- Methods of information gathering you use including a discussion of the limitations of your information gathering, and any ethical issues arising and how they were resolved.
- The analysis and evaluation you conduct, based on the business/accounting techniques etc. applied to provide answers to your research questions and meet your stated report objectives
- Conclusions and any relevant recommendations of practical benefit arising from your report.
Although this explanation makes the whole research process seem orderly and sequential, in practice it is likely to be more tangled and disorganised. However, it is helpful to establish a plan of how to proceed before you begin.
Try to write a brief statement outlining your proposed approach before you commence your detailed information gathering that is after 2c above and certainly before stage 2d. Then ask yourself some important questions
- Will this approach enable me to answer the research questions and meet the report objectives I have set?
- If not, do I need to gather more information from a wider range of secondary sources, or conduct some primary research, or both?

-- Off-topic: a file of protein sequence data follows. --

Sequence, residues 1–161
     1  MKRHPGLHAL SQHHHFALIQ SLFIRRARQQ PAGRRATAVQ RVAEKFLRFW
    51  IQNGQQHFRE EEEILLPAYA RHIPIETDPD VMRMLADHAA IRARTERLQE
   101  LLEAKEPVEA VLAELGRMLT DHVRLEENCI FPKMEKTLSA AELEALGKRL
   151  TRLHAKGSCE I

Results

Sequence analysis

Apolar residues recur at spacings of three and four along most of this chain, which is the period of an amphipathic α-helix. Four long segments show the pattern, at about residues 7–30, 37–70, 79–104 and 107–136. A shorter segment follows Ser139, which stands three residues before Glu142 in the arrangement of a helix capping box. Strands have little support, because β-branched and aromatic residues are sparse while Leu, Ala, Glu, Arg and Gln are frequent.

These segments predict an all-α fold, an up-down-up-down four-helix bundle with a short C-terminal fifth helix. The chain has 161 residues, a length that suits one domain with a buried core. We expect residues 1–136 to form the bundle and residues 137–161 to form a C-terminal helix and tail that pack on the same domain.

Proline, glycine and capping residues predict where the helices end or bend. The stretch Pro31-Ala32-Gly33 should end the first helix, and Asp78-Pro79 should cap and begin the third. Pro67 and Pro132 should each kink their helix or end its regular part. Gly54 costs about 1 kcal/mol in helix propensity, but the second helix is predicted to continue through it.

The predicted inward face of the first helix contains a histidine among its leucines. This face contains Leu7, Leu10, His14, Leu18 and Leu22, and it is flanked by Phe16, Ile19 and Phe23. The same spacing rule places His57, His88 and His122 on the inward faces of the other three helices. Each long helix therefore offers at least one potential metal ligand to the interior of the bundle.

- Or do I need to review and revise my research questions or project report objectives?
Once you are reasonably satisfied that you are on the right lines then you can proceed further with your investigation. Thinking clearly about your overall research approach and writing a clear statement about it will act as a guide through the research process which will shape and structure what you do and how you do it.
In addition, a clear statement about your overall research approach enables the marker to see that you have adopted a systematic and appropriate approach to meeting your report objectives.
Understanding the RAP constraints – and being realistic!
This is a 7,500 word report, assessed against specific criteria, with a recommended report structure and content. Currently, there are 20 approved topic areas, which form the basis of your RAP. These are drawn from the ACCA qualification syllabus covering papers F1 to F9, and you will be familiar with them to some extent.
Once you have chosen a topic area, then your RAP must focus on one organisation, which again you will choose. Your project research must be a business analysis and evaluation, not just a financial analysis, of the topic area issues in your chosen organisation. Your conclusions and any appropriate recommendations must answer the specific research questions and meet the project objectives you set. These are all constraints, which you must take fully into account in conducting your research and writing up your research report. The following suggestions should be helpful to you.
- Set realistic, achievable research questions and report objectives. You are not producing a Masters or Doctoral dissertation – so limit yourself to what you can achieve within the constraints of the word count, structure and content of the research report. Many students do not do this, and produce either a long list of objectives – or else no objectives at all – both of which can lead to failure.